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Cleveland Clinic Medina Hospital seeing more patients

  • MGA2-clr-2col-051019hospitalRF-jpg

    Dr. Richard Shewbridge, left, president of Cleveland Clinic Medina Hospital, and Dr. Matt Vrobel, director of Emergency Medicine, spoke about the hospital's growing client base Friday.

    BOB FINNAN / GAZETTE

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MEDINA — The Cleveland Clinic weathered some backlash when it closed the maternity unit at the Cleveland Clinic Medina Hospital nearly two years ago, but with new advances, upgrades and $126 million in capital improvements in the last 10 years, hospital leaders said Friday that they’re seeing more patients.

Dr. Richard Shewbridge, president of Medina Hospital, said the facility has experienced an 8 percent growth in patients in the last three years. The trick has been to draw patients in the region that would typically seek out other facilities first.

“What we’ve been doing is working with our surrounding hospitals — Lodi, Akron General, Cleveland Clinic Emergency Room in Brunswick — and trying to get as many of those patients as we can from those areas as possible,” he said.

Dr. Matt Vrobel, head of emergency services, has led the effort to improve the number of transfers from the Bath Emergency Room at state Route 18 and Interstate 77.

“Those patients would commonly wait to get into Akron General, whose emergency room is pretty full,” Shewbridge said. “We wanted to make ourselves available to accept those patients.”

Medina Hospital has worked to get the word out that it’s there and readily available.

“Some folks didn’t know there was a hospital here,” he said.

Vrobel said it’s about a wash as far as the distance from the Bath facility to Medina Hospital or Akron General.

“We made it known to the patients, doctors and staff what services we have at Medina,” he said. “It’s pretty comparable to what Akron General can provide.”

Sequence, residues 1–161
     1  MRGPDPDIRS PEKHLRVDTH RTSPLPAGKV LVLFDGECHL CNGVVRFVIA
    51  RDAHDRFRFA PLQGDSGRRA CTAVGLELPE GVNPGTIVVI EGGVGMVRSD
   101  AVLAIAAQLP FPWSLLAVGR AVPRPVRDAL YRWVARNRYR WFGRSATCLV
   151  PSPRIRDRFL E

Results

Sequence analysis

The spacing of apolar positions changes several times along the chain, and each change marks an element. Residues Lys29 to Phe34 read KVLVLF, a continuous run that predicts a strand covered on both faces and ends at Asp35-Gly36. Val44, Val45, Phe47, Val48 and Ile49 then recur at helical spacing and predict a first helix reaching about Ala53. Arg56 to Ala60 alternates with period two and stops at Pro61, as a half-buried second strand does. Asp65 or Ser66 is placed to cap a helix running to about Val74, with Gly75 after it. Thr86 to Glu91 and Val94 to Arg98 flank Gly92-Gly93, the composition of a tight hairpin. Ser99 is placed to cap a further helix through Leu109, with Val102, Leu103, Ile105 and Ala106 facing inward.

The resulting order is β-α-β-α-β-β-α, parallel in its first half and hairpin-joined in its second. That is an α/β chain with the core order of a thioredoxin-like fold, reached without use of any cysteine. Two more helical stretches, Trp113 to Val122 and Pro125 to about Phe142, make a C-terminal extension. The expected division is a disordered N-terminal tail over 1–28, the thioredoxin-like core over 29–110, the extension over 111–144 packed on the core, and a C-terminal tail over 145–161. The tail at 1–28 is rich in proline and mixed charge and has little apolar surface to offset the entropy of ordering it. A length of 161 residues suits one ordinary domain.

Akron General joined forces with Cleveland Clinic in 2014. It’s been 10 years since the Cleveland health giant acquired Medina Hospital. Both hospitals share medical records.

The amount of transfer patients from Bath were well below 100 a few years ago. It climbed to about 200 last year.

Vrobel said Medina Hospital is expecting about 400 transfer patients this year.

“In the past, we’d only get a handful,” he said. “Those are patients who don’t normally come here. Before we were in alignment with the hospitals, the Lodi patients would go to Akron. They come here because they like to stay within the county.”

Shewbridge said the transfer patients who have come to the facility have indicated they’ve been highly satisfied with the services.

“They really like it,” he said. “We’ve had some patients that come back as repeat customers.”

Shewbridge said reaching out to other members of the Cleveland Clinic family made a big difference in attracting patients.

“We worked with the providers down the road to let them know we’re a great option for patients that need to be hospitalized,” he said. “Before this program, they weren’t thinking of Medina Hospital. They were thinking since they were part of Akron General, they would send all their patients there. Now, we’re letting them know because we’re all part of the Cleveland Clinic, there’s another option right up the street.”